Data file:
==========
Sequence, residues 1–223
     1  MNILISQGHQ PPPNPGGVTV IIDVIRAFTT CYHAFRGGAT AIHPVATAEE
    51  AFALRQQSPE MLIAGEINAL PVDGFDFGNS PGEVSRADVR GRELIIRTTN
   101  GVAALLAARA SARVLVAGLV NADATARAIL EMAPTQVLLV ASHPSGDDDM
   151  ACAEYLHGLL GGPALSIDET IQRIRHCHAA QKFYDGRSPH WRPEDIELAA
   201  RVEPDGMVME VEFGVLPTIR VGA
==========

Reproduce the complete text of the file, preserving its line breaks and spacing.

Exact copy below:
Sequence, residues 1–223
     1  MNILISQGHQ PPPNPGGVTV IIDVIRAFTT CYHAFRGGAT AIHPVATAEE
    51  AFALRQQSPE MLIAGEINAL PVDGFDFGNS PGEVSRADVR GRELIIRTTN
   101  GVAALLAARA SARVLVAGLV NADATARAIL EMAPTQVLLV ASHPSGDDDM
   151  ACAEYLHGLL GGPALSIDET IQRIRHCHAA QKFYDGRSPH WRPEDIELAA
   201  RVEPDGMVME VEFGVLPTIR VGA